Measuring

Most bread baking books will tell you how important it is to get your measurements right. They will recommend weighing your ingredients, instead of using measuring cups. Here’s what Daniel Leader and Judith Blahnik say in their book Bread Alone:

A scale is vital. I like the ultra-precise Pelouze Balance Beam, but home bakers will do fine with a small spring scale. Bakers are incredibly precise about their ingredients. They weigh everything. It’s more reliable and specific than a measuring cup…

Well, I have to admit that I have yet to invest in a Pelouze Balance Beam scale. πŸ™‚ It’s true, though, with so many environmental variables surrounding the baking of bread in a home kitchen, it helps to have consistency at least in your ingredients and measurements. One trick I’ve developed comes with the measuring of salt and yeast.

I’ve converted old baking powder containers into spice and salt containers.

This allows me to get fairly accurate measurements from one batch of bread to the next so that I know how to better make adjustments. I’ve converted some other spices to these containers, too. Spices that are potent and whose quantities need to be monitored carefully.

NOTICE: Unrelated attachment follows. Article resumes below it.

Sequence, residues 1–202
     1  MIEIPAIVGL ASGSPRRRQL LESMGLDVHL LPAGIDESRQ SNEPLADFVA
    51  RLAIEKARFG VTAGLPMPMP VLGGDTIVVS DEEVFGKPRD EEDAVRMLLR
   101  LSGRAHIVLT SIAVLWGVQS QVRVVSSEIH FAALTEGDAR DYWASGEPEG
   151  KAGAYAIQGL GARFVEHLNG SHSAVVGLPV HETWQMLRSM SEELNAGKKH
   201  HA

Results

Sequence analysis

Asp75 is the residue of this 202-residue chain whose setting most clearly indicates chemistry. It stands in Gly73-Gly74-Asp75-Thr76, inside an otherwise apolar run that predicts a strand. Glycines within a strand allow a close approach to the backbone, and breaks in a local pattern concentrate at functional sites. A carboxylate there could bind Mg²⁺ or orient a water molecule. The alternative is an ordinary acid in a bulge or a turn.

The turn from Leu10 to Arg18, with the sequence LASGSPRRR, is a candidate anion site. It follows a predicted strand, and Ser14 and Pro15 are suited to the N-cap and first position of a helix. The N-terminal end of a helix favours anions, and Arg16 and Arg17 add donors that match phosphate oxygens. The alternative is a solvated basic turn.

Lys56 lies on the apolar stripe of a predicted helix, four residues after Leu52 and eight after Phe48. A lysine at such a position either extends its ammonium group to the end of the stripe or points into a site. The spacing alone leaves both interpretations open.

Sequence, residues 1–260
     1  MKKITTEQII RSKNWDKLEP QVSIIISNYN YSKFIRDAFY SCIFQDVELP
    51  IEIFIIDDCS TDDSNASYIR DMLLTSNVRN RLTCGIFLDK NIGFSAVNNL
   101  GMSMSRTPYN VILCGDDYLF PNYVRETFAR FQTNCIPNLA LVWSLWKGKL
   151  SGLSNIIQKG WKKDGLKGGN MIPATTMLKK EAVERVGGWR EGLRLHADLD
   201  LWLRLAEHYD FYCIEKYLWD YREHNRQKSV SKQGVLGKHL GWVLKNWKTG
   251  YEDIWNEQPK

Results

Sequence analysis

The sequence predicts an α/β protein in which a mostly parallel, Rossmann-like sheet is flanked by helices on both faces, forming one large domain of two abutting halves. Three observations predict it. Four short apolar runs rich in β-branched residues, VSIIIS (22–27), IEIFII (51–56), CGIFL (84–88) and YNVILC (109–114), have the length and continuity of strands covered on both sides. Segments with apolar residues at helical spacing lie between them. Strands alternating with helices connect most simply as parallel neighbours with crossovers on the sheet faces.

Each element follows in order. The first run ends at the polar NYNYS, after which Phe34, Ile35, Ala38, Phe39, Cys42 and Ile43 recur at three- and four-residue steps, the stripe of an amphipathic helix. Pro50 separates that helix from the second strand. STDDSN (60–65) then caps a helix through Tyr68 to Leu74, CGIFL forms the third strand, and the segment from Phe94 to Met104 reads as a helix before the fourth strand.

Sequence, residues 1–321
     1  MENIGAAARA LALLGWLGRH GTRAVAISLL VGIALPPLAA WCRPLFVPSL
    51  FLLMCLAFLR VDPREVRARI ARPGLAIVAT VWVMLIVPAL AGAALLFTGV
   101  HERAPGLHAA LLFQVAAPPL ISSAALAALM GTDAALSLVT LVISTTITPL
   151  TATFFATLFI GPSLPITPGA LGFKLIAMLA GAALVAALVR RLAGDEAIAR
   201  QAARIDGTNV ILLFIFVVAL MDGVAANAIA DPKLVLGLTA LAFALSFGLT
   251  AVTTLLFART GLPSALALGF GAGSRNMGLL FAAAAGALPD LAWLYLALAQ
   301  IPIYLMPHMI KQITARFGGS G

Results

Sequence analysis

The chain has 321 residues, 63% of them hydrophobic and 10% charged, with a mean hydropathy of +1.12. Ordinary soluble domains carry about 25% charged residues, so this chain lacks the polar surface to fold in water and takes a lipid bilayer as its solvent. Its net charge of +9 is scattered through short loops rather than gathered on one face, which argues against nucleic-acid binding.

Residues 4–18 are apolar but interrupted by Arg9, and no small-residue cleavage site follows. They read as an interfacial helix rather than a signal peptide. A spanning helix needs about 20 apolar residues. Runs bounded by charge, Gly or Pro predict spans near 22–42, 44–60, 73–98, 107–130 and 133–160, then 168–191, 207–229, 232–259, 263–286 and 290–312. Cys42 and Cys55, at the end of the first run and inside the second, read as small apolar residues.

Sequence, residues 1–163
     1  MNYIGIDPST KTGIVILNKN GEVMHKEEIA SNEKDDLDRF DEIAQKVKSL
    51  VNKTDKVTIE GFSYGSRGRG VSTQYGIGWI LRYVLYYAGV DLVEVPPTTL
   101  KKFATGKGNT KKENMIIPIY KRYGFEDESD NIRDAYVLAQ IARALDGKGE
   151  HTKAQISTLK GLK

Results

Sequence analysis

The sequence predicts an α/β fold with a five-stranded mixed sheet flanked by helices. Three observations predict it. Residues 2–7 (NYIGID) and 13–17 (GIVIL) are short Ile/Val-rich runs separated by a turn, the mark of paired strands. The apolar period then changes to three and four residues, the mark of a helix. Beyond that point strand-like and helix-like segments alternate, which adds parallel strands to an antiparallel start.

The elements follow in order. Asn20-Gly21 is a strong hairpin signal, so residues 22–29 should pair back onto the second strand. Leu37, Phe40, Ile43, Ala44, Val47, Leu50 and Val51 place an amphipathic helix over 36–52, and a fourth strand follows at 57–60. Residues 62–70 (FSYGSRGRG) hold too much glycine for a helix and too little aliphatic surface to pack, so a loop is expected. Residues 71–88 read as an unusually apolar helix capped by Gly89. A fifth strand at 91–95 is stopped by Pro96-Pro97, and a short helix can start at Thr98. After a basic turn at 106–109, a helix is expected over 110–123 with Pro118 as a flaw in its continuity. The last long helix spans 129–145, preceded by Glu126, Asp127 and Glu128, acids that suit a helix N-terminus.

Plus, the wide mouths allow little bakers easy access to the ingredients.

And there’s no way to measure my delight when little–or big helpers–join me when I’m baking.

Nope, no scale, Pelouze or not,

that measures delight…

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4 thoughts on “Measuring

  1. My Granny wasn’t really a bread baker- other than cornbread and hoecake- but she was a wonderful Southern baker and cook. And I don’t recall her ever even using measuring cups. It was a scoop of this, a pinch of that…

    • Adriane–yes, many of the best bakers and cooks, like my husband, have an inner sense of measuring and are able to pull off flavors and taste by instinct. Love that. Salt is the one thing when making bread that I try to be very careful with. Salt retards dough, so too much not only changes the flavor but also changes the actual leavening. I’m not hyper precise when it comes to exact flour and water measurements, and when I’m adding ingredients, like grated cheese, chopped rosemary or olive oil I simply put in as much as I feel like at the moment. In the end, dough is a changeable thing, and you learn to adjust just by looking at or feeling it. Love that about baking–how it’s a bit different every time.

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